What's your idea of a perfect vacation? Seven straight days of
peace and quiet on a beach? Golf in the morning, followed by an afternoon
snooze in a hammock? Or are you the type who likes to keep busy on your
time off, maybe even learn a thing or two? If that's the case, then you
might consider going on an Earthwatch expedition. This non-profit
organization hooks up paying volunteers with scientists conducting research
in various far-flung corners of the globe for two weeks of intensive field
work. You don't have to have a scientific background to qualify...only a
sense of curiosity and adventure. The Savvy Traveler's Tom Verde fit that
description and recently spent two weeks on one of the most popular
Earthwatch expeditions, an archaeological dig on the Mediterranean island
By Tom Verde
The Romans called them the Iberians, the ancient race that first inhabited
this 1400 square-mile island off the coast of Spain some seven thousand
years ago. Today, Mallorca and its sister islands, Minorca and Ibiza, are
collectively known as the Balearics, a name derived from the Greek, balein,
meaning to hurl from a sling, a deadly skill for which these
islanders became known throughout the ancient world.
|A "Talaiot," which is a prehistoric council chamber near the settlement of Oleza.
But when they weren't defending their home against invaders, Mallorca's
earliest inhabitants were busy farming and raising goats and cattle in the
rugged hills of this mountainous island, in much the same way that many
landowners still do today.
Though these ancient people left no written record, their legacy of pottery
and massive stone temples and living complexes has provided archaeologists
with enough evidence to piece together what life must have been like here
during the Copper Age, more than 2000 years before the birth of Christ.
Waldren: Okay, this is the prehistoric sanctuary of Son Mas, a site which
covers two thousand, two hundred years of ritual activity.
Dr. Bill Waldren of Oxford University has been excavating prehistoric sites
throughout the Balearic islands for more than thirty years. A gruff and
garrulous Hemingway look-alike, the seventy-four year old Waldren ended up
on Mallorca in the early sixties as an archaeologist's assistant. The
climate and the profession appealed to him and through a combination of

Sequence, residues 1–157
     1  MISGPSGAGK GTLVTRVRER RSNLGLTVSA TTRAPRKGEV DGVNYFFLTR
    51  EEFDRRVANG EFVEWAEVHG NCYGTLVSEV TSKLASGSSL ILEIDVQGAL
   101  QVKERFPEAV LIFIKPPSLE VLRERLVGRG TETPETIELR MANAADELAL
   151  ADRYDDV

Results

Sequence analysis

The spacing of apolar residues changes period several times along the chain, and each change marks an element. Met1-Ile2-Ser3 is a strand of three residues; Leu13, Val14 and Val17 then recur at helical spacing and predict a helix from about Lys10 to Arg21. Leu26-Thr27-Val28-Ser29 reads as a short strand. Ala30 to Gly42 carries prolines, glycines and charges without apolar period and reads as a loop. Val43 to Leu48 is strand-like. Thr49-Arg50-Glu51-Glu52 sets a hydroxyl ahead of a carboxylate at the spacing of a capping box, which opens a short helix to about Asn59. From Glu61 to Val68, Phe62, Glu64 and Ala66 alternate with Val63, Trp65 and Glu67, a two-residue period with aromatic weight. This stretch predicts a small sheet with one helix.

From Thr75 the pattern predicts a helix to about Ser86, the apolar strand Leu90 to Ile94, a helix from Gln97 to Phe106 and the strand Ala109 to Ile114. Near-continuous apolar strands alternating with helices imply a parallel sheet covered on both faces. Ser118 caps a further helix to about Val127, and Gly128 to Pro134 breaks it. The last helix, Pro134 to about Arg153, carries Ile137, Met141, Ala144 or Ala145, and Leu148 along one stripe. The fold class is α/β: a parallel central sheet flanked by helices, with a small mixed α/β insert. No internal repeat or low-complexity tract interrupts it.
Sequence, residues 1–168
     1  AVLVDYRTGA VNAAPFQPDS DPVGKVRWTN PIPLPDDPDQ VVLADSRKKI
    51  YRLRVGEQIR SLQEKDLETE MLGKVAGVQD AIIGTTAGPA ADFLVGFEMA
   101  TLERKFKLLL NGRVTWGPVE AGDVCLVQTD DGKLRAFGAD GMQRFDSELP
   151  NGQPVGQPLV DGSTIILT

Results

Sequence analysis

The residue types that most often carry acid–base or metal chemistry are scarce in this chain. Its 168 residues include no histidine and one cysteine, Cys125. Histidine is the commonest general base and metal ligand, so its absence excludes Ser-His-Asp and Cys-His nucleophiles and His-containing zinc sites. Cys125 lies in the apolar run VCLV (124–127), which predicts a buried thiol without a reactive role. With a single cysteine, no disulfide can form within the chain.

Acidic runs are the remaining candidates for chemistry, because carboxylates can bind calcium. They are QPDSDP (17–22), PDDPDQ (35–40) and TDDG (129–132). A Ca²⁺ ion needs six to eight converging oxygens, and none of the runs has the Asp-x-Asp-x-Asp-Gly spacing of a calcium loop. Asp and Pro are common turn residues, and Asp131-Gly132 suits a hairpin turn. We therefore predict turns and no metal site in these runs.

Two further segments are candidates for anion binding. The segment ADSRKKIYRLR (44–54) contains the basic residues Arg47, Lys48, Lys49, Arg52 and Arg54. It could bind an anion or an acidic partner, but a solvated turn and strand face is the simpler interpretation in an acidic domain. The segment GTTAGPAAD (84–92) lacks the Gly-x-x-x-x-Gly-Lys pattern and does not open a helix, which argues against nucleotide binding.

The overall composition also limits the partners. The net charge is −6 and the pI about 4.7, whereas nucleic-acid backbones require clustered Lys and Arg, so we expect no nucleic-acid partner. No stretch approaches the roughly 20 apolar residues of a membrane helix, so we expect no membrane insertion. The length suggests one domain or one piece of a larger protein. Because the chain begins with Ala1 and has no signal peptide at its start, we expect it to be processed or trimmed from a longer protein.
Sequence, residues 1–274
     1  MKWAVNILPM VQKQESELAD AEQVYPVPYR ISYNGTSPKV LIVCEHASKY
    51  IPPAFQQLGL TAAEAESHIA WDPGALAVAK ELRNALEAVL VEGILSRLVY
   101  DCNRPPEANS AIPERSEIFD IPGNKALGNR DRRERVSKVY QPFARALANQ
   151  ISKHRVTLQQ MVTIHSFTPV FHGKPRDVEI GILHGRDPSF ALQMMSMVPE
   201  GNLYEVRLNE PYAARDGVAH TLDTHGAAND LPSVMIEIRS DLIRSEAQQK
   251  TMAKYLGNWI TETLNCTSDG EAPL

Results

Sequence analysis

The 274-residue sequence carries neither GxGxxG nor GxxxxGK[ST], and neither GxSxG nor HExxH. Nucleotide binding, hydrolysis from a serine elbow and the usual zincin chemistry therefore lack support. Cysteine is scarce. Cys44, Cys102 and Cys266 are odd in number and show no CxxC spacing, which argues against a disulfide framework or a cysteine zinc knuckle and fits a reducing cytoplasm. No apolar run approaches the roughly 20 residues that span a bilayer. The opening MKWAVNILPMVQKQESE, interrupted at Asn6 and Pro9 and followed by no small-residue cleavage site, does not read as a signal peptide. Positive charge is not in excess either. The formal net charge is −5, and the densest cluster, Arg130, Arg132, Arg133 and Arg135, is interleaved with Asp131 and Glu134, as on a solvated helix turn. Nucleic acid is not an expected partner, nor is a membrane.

intuition, determination and just plain luck, he made several important
discoveries which led to grants from the Smithsonian, National Geographic
Dr. Bill Waldren, doing what he does best.
Waldren: This was the first site we excavated, and the
first site we were working when I discovered the old settlement. All that
material that you see there, all those rocks and that earth that you see
there is all stuff that was excavated by Earthwatchers.
In 1974 Waldren welcomed his first group of volunteers from a fledgling
organization later known as Earthwatch. Since that time he says he could
never have accomplished all he has...including a Ph.D. from and faculty
appointment at Oxford...without the elbow grease of thousands of
Earthwatchers over the years.
Waldren: Oh my God, just in the sheer labor alone -- everything that we
have done here in the past twenty-three years is really basically an
Waldren's work on Mallorca is just one of more than 130 projects in 50
countries around the globe sponsored in part by Earthwatch. There's really
something for everyone, from dinosaur digs in the American west to elephant
tracking in Botswana to saving the rain forests of Borneo. The way it works
is this: so-called volunteers pay anywhere from $650 to $3700, plus
airfare, to spend two weeks in some remote region of the planet working
alongside some of the world's leading researchers.
A 'spread' of ancient pottery. Grindstone in rear.
A good chunk of that fee, which, by the way, is tax deductible, goes to
Earthwatch to cover its administrative costs. Another chunk is donated to
the projects themselves while the rest pays for your room and board which
varies from site to site. Some Earthwatchers camp out in tents deep in the
bush with no electricity or running water. Others stay in makeshift field
station dormitories, while still others might end up in comfortable B &
B's or hotels.
On Mallorca, we stayed in Waldren's home...a multi-tiered, amorphous
stucco dwelling built into a hillside in Deia, a remote village on the
island's northwest coast. The setting is idyllic: groves of lemon and olive
trees cling to the terraced hillsides rising 3000 feet above the warm,
inviting turquoise waters of the Mediterranean. Fountains of purple morning
glories cascade over ancient stone walls, while sheep and donkeys graze
idley on vast fincas, estates that have been in the same aristocratic
families since the 13th century. It's easy to understand why this
particular project has been nicknamed the Club Med of Earthwatch expeditions
But of course we were there to work, and work we did, for about three hours